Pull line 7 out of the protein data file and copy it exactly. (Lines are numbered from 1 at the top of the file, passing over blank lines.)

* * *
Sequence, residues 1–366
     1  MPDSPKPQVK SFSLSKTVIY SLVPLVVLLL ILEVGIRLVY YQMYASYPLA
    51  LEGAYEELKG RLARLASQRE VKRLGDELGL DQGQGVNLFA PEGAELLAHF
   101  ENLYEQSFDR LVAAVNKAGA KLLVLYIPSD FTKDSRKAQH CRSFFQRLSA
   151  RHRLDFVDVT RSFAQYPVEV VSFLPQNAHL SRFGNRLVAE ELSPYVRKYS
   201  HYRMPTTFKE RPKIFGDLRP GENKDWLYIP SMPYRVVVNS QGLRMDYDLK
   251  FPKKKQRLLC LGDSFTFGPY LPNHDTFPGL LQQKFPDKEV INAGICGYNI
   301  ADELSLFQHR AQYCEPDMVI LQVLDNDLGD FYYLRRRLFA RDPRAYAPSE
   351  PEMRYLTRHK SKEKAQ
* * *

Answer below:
   251  FPKKKQRLLC LGDSFTFGPY LPNHDTFPGL LQQKFPDKEV INAGICGYNI